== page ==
Yucatan RAVE Dispatch from the Field, Isla Holbox, Mexico

There is no better cure for a mild case of sea-sickness than to get a little adrenaline rush. When you first catch a glimpse of the giant fin coming out of the surface, you can’t help asking yourself “uh-uh….am I really going to get in the water with a giant shark?”. And then you remember that the large fish in the water is nothing more than a plankton-eater with no interest in higher carbon forms.

This is the second time I have been lucky enough to swim with whale sharks off the coast of Holbox; an idyllic Mexican town in the northernmost point of the Yucatan Peninsula. The bumpy boat trip to find the sharks as they feed in the plankton-rich water off Holbox is a small price to pay for the exhilaration of having a face-to-face encounter with these gentle giants.

This time, however, there is an added element of excitement, we are here to launch the most ambitious RAVE (Rapid Assessment Visual Expedition) carried out by the iLCP (International League of Conservation Photographers). The RAVE is usually comprised of a small team of photographers deployed to document an area in need of media attention. RAVEs are carried out in distinct locations and for a limited amount of time. This RAVE, however is different. Because of the size of the Yucatan Peninsula and the wide range of natural treasures (both above and below water) and the scope of the threats facing them, the Yucatan RAVE, the 7th to be carried out by the iLCP, is the largest one to date.

Holbox is the perfect location to launch a RAVE. We have a great partnership with the local conservation NGO coalition, led by the prestigious and highly effective Mexican organization, Amigos de Sian Ka’an and on the first mission we are working with acclaimed National Geographic photographer, Brian Skerry. Brian has photographed over 16 articles for the magazine and most of those have dealt with threats to the marine environment. From the impact of fisheries to the plight of Right whales, Brian is a photographer who has dedicated his career and put his talent forth to help shed light on important issues that are otherwise difficult to grasp. He is also a founding fellow of the iLCP and this is the first time he participates in a RAVE.

We travel in two boats, one carrying Brian, his equipment and his assistant and the other carrying me and the members of the Deep Search Foundation, an organization dedicated to marine exploration and conservation and one of our newest partners. The Deep Search team is led by its director, John Racanelli, who in addition to being an expert in strategy and communication is also a great ocean swimmer; Kip Evans, a Carmel-based photographer and videographer dedicated to conservation, and Shari Sant Plummer, a dynamic and charismatic lady who spends most of her time learning about and supporting initiatives that might help conserve marine resources. The Summit Foundation, on whose board she sits, has financed the Deep Search expedition and also part of the RAVE.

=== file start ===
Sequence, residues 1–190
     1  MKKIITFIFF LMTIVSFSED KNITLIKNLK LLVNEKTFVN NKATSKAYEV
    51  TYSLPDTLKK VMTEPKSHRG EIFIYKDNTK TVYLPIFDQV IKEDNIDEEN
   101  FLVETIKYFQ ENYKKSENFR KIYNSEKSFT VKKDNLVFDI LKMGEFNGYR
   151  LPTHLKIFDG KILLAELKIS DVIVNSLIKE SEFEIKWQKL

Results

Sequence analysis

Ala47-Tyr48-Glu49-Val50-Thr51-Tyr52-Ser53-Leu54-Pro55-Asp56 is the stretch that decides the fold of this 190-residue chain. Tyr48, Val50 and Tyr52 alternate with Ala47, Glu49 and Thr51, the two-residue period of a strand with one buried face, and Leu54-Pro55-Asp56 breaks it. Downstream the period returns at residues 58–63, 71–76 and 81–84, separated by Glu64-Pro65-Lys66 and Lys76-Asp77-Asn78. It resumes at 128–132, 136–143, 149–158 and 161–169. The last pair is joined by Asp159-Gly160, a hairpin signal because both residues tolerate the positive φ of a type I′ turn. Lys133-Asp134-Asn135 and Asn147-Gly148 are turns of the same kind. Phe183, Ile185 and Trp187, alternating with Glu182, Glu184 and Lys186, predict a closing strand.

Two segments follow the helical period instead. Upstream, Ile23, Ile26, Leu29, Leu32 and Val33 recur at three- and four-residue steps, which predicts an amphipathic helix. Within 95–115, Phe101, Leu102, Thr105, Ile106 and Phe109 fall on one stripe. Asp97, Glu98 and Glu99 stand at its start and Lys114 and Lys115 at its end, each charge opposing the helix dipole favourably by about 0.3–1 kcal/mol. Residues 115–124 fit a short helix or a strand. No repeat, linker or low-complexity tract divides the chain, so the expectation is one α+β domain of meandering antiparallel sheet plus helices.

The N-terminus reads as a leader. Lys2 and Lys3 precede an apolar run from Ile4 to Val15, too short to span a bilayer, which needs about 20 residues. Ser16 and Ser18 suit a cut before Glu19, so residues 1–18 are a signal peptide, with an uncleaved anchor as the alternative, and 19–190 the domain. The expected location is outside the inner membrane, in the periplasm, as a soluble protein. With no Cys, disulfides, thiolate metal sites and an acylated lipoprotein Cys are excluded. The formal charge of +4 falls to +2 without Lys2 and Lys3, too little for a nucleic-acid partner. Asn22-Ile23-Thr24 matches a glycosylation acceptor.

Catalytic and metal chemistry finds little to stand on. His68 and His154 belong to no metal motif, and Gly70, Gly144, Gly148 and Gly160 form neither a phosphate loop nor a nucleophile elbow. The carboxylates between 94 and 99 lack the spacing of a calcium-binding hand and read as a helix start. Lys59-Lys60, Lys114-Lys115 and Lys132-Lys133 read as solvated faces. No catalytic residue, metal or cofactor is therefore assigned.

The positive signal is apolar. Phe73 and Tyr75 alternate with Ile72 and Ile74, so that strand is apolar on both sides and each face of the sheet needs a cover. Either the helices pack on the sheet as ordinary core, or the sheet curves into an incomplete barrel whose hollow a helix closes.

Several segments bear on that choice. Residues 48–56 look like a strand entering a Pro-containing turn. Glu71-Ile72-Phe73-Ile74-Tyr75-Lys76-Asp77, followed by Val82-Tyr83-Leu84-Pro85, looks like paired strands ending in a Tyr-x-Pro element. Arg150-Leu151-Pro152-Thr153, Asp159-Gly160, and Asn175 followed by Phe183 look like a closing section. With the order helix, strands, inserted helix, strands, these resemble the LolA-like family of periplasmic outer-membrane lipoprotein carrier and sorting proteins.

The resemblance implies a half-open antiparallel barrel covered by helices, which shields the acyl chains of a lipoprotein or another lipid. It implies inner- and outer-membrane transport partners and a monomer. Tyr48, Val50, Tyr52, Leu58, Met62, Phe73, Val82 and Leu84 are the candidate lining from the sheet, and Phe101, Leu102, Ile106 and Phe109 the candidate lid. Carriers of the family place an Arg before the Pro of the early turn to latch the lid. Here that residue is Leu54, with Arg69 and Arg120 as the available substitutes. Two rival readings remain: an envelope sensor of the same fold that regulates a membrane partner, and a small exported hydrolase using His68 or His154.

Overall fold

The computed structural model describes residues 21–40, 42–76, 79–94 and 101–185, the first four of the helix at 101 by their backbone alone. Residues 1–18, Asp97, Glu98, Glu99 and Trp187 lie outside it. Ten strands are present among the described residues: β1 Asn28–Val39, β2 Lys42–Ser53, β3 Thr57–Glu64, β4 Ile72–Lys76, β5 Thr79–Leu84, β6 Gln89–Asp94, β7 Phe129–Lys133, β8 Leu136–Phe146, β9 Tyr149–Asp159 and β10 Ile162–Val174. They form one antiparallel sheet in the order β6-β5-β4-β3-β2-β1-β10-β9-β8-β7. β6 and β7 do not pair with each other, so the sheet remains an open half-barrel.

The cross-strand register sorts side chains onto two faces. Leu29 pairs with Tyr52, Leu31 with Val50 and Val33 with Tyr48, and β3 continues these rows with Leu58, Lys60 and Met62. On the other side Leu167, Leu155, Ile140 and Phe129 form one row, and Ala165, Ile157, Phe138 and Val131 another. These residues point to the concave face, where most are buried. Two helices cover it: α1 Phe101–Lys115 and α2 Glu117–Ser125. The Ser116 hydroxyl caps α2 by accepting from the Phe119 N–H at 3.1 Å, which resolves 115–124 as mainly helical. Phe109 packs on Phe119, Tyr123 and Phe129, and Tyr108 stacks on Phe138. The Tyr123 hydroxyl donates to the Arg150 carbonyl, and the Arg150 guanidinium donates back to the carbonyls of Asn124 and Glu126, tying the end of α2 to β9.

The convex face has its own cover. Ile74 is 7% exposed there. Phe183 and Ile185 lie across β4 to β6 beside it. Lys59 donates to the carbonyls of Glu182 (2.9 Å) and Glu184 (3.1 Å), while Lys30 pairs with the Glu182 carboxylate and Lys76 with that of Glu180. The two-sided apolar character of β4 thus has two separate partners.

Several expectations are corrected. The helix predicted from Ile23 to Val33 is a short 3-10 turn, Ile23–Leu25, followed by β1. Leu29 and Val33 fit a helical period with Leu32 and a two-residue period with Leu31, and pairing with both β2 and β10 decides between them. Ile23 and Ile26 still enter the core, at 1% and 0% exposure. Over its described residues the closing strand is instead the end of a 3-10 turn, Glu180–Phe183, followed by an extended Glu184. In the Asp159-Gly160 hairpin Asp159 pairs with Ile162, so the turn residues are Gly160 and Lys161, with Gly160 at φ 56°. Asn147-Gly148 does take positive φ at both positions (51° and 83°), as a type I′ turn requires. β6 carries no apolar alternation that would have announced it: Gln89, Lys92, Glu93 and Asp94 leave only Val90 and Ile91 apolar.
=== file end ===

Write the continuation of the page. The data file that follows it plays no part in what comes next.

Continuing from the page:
After traveling for a couple of hours we are surprised by an unexpected storm. While the rain and wind pound on us, we bob on the waves munching on soggy sandwiches and feeling miserable and cold. When the clouds part we are greeted by both a blue sky and several whale sharks placidly eating on the surface.

The captain maneuvers next to the feeding sharks and the next thing I know I am immersed in green water trying to gasp for air through a flooded snorkel. I swallow some sea water while I frantically search for the fin and I am surprised when I peek underwater to realize I am right next to a wall of smooth blue skin adorned with white spots. I start swimming as fast as I can, trying to not lose sight of the large fish. The shark is placidly, yet decidedly swimming as well. I look below me and catch a glimpse of John, submerged some 15 feet and looking at the shark from the bottom. I have to do my best not to get left behind. I swim as fast as I can but after a few seconds, with a silent stroke of its tail, the whale shark is gone. There are no words to describe the exhilarating feeling of having this wild experience. You can hear your heart pound in your ears and your pulse race; the mere knowledge of the mysterious giant swimming by you and of the less gentle creatures that might lurk in these green waters filled me with wonder and excitement.

To watch Brian work from the other boat is also thrilling. He has great experience doing this kind of photography, but it is easy to sense his excitement as well. He has the disadvantage of having to paddle while he carries the heavy underwater housing for his camera, and then he has mere seconds in which to get a correct exposure and shoot as many frames as he can. Kip Evans, working out of our boat is doing the same, but his camera, a Canon 5D MK II, also shoots video, so we have a great visual record of the first day of this adventure.

I will have to leave tomorrow, but both Kip and Brian will stay on for several days to take as many images as they can of this amazing gathering of whale sharks. The plan is to have Brian also shoot from the air and to photograph the scientists, like Dr. Rachel Grahame from the WCS, who are working to understand what brings these large fish to this place in such large numbers.

I sign off here but invite you to stay tuned to see the images created for this first mission of the Yucatan RAVE. They will be added to the work produced by 25 other photographers shooting in various locations in Mexico, Belize and Guatemala. The challenges facing the natural and cultural resources in this area are many and we hope the RAVE images will help inform the decision-making progress